Some economists want to increase immigration to about 400,000 per year. They say it will create jobs, but gloss over ethnic enclaves, the Toronto 18, and housing affordabiltiy. Pretty narrow terms of reference here, too narrow. Everythings has its good and bad effects. Taking in old sickly adults from the third world costs bucks. The technocrats prefer to ignore social-econ effects of govt policy, yet they cost money too. Don't we have large deficits?

Why not pay Canadian women money to have a third child? Scale down the immigration dept and use the money saved for a third child benefit. Let firms use the web to recruit staff they need. The web is global, right? Contract this out to the private sector.

By Douglas Todd 6 May 2011 COMMENTS(11) The Search
Filed under: Canada, multiculturalism, immigrants, Europe

Give three economists credit for trying to kickstart a real debate over immigration in Canada. They do so by imagining a "shock" scenario.

What would happen, they ask, if Canada brought in 100,000 more immigrants per year?

Canada already takes more immigrants per capita than any other nation.

But these analysts want Canadians to think about welcoming 350,000 newcomers a year, instead of the current 250,000.

They say immigration policy is a potential "tinderbox" which could turn into a Canadian cultural "inferno" if the numbers on it turn bad -for either native-born or newcomers.

The issue of immigration is especially volatile for big-city residents, since the vast majority of new arrivals funnel into urban centres. More than nine out of 10 immigrants to B.C., for instance, put down stakes in bustling Metro Vancouver.

However, as we just discovered during the Canadian election campaign, there is little high-level political stomach for an honest public debate over immigration.

We are far different from Europe. That's where the elected heads of Germany, France and Britain have, in just the past year, questioned immigration patterns. And all three have declared "multiculturalism" a failure.

In contrast, every major political party leader in the Canadian election campaign supported the country's welcoming approach to newcomers, which business leaders also endorse because it creates more consumers and more workers. (Photo right of Conservative Immigration Minister Jason Kenney.)

Given that almost half the residents of Vancouver and Toronto were born outside the country, many of society's leaders believe it's political and economic suicide to publicly question immigration rates.

At least these three academics, funded by various levels of government, do so -through a "meta-analysis" of hundreds of studies on the economic impact of immigration in Canada and beyond.

Although their "shock" scenario of 100,000 more immigrants is controversial, York University's Tony Fang and the University of Toronto's Peter Dungan and Morley Gunderson generally say immigration is an economic positive.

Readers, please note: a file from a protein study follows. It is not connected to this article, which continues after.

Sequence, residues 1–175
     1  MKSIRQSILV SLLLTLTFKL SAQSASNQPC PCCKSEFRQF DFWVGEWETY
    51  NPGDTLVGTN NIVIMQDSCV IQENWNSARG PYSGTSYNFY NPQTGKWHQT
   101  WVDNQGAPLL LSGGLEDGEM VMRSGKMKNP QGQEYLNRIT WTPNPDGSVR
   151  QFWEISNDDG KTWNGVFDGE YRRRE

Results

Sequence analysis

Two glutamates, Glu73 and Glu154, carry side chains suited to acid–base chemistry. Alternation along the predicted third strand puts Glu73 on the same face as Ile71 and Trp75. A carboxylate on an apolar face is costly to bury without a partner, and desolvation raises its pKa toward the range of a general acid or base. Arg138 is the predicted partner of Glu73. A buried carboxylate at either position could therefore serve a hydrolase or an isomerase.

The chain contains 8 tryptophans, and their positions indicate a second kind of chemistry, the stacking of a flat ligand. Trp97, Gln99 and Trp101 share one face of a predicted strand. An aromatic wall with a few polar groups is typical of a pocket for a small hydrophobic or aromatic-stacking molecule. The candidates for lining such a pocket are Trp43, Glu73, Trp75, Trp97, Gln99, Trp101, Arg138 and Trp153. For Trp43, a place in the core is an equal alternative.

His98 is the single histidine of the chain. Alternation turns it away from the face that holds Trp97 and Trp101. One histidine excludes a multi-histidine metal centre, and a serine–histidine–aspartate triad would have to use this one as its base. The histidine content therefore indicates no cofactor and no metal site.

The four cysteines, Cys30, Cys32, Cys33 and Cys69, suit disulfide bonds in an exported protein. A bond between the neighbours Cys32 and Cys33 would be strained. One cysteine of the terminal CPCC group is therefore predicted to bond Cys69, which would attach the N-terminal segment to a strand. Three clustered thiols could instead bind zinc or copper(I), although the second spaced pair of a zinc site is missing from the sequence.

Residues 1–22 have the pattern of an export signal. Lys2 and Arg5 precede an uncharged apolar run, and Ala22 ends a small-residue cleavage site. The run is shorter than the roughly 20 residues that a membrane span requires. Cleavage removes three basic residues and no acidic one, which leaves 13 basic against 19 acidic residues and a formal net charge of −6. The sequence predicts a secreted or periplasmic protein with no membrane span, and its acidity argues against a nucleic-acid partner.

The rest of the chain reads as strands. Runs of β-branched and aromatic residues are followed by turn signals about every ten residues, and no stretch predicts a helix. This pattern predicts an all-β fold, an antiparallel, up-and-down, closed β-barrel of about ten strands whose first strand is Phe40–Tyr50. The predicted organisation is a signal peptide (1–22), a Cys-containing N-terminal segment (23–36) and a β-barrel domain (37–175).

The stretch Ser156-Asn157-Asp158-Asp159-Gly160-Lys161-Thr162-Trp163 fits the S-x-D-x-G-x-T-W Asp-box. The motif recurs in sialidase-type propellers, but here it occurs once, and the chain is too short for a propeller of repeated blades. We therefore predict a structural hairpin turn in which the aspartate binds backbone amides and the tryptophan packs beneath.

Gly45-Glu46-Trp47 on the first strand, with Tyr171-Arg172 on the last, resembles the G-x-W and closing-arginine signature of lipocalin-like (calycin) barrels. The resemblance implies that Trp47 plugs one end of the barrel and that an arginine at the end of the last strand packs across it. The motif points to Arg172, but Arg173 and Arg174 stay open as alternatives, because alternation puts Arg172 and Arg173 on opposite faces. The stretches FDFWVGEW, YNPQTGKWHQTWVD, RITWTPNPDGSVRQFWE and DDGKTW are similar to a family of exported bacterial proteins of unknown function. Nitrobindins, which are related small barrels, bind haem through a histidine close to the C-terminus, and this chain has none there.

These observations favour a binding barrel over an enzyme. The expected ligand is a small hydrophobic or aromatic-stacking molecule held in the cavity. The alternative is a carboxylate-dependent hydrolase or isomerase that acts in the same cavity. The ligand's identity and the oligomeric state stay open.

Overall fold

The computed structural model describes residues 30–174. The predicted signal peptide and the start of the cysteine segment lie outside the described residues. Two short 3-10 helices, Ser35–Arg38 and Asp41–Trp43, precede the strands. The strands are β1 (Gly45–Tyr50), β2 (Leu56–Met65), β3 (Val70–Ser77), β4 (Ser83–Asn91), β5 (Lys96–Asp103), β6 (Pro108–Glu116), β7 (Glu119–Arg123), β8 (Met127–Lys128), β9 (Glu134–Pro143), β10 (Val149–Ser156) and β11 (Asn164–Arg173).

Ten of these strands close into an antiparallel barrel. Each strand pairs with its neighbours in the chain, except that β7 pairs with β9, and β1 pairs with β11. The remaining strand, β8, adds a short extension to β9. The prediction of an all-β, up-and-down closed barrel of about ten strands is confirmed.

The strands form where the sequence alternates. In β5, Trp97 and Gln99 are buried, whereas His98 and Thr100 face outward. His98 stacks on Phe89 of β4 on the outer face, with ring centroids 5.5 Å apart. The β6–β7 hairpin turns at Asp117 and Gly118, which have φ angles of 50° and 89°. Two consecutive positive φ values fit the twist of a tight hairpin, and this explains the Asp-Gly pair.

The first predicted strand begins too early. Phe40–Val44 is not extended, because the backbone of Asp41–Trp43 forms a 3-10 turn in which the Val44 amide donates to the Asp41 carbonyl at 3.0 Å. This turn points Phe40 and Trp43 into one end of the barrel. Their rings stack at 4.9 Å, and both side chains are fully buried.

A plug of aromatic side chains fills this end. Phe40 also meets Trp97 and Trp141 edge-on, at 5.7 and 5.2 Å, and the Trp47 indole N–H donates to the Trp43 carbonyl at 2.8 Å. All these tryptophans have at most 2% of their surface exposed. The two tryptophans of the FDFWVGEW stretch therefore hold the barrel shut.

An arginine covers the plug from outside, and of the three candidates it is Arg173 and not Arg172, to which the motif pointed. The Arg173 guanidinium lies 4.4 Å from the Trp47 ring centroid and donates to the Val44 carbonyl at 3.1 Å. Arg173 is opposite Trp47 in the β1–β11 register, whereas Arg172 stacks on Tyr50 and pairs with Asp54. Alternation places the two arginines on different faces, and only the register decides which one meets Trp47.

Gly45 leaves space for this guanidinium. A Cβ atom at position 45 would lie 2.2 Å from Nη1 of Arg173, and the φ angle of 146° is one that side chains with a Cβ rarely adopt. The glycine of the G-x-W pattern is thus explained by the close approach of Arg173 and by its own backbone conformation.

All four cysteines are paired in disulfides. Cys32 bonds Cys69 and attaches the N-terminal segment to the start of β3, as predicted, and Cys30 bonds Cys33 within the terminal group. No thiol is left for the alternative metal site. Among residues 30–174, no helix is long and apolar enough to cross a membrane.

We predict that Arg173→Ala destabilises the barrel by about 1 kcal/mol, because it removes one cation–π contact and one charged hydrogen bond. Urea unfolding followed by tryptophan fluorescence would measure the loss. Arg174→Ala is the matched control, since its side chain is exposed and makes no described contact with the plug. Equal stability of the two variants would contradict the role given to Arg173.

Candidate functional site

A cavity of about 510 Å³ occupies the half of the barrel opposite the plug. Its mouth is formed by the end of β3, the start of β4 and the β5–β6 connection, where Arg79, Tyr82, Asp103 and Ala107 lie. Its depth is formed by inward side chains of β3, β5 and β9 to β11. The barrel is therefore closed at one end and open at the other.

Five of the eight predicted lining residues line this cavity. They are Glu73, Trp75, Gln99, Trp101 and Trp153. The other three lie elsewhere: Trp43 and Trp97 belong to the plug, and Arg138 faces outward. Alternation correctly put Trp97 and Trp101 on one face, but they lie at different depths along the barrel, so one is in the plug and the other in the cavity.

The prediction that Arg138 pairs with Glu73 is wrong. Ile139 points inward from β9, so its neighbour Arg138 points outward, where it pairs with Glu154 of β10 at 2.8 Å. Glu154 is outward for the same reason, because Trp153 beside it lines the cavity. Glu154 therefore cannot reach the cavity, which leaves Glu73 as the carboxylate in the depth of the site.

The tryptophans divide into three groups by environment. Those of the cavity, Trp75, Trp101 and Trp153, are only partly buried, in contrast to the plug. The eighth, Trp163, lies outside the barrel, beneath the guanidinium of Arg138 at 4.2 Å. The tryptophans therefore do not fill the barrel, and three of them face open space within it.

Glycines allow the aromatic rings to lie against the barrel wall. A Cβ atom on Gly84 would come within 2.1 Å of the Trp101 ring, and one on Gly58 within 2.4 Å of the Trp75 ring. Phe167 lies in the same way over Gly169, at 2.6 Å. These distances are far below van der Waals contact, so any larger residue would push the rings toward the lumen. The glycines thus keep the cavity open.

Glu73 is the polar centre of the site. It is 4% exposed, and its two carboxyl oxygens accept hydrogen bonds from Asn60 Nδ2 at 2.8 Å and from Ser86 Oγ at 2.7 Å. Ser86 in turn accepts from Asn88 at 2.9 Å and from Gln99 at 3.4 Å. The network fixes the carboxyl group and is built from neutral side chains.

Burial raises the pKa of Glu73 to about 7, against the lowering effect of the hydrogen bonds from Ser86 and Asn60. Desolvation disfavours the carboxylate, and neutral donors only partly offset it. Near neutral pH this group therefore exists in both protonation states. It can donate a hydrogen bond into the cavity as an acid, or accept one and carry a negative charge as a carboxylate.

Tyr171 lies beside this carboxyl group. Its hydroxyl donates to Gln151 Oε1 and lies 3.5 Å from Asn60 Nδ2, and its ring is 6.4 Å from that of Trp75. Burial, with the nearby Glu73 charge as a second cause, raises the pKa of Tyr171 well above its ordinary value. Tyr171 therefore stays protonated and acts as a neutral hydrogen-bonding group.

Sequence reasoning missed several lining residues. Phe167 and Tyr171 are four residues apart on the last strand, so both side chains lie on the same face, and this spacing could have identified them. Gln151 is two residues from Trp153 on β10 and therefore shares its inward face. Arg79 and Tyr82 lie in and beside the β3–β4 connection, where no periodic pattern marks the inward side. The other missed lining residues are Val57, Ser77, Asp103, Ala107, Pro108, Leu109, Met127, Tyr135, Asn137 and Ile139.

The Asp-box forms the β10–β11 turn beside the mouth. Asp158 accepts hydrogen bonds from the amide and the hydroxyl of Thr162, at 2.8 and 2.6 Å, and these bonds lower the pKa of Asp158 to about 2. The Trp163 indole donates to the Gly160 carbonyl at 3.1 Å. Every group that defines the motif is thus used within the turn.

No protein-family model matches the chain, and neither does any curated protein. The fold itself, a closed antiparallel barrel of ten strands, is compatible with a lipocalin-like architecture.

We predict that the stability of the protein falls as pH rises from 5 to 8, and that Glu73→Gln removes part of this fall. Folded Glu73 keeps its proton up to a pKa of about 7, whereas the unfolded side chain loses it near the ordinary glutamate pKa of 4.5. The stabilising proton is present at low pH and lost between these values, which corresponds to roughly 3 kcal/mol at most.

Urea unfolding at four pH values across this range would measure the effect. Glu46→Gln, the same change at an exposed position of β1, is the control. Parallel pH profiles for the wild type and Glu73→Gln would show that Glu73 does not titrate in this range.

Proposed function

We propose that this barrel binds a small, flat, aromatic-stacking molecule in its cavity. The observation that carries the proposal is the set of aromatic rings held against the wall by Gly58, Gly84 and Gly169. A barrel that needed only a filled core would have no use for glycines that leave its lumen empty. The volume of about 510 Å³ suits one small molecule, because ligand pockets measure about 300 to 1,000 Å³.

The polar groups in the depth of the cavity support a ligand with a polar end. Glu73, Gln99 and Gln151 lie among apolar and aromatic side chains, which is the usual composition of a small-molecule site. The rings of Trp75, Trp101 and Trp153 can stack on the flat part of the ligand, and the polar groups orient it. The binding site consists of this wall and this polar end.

Indeed, the economists go further than most politicians.

Their news release boldly states 100,000 more immigrants per year would boost the gross domestic product and add to government coffers by stimulating buying and especially pumping up housing prices.

However, the body of the 34-page report -titled The Macroeconomic Impacts of Canadian Immigration: An Empirical Analysis Using the Focus Model - is less confident than the news release.

The scholars quietly admit in their paper that many of the hundreds of immigration studies they analyzed from around the world reached "mixed" conclusions on many fronts.

For instance, the report tentatively concludes that immigrants generally don't use taxpayer-funded social and health services more than "domestic-born" residents.

However, the authors concede immigrants, especially more recent ones, may more greatly rely on unemployment insurance the longer they are here.

And even though the news release makes it seem 100,000 more immigrants would benefit Canadian total GDP, the body of the analysis quietly acknowledges per capita GDP could slightly shrink.

Just as importantly, the authors acknowledge many new immigrants are feeling battered. More recent arrivals are having a "difficult time economically assimilating" and are "increasingly falling into poverty."

Other than on this last point, the scholars' "macroeconomic" analysis has a bloodless quality to it.

It feels removed from the real world in which Canadian-born and newcomers live and struggle.

Funded by government research bodies, the economists' meta-analysis fails to touch on a lot of issues Canadians care about a great deal.

One of them is integration. As in Europe, many Canadians fear ethnic enclaves are taking root in our major cities, where there is often little overlap of newcomers and native-born.

The economists also gloss over the emotional issue of housing affordability.

They applaud how immigration fuels housing prices, calling it a "benefit." But they fail to comment on how strong immigration is also killing the chances of average-income earners to own houses in most neighbourhoods of Toronto and Metro Vancouver.

Still, unlike many in Canadian officialdom, these three able economists are at least aware that a high-immigration policy is not, by definition, an indisputable good. They suggest it is a multi-pronged animal, with many spin-offs, good and bad.

Kudos to them for providing crucial data to start a debate. Now it's up to Canadian leaders and the public to take the discussion to a new level of openness.
Last edited by Andem; May 9th, 2011 at 04:38 PM..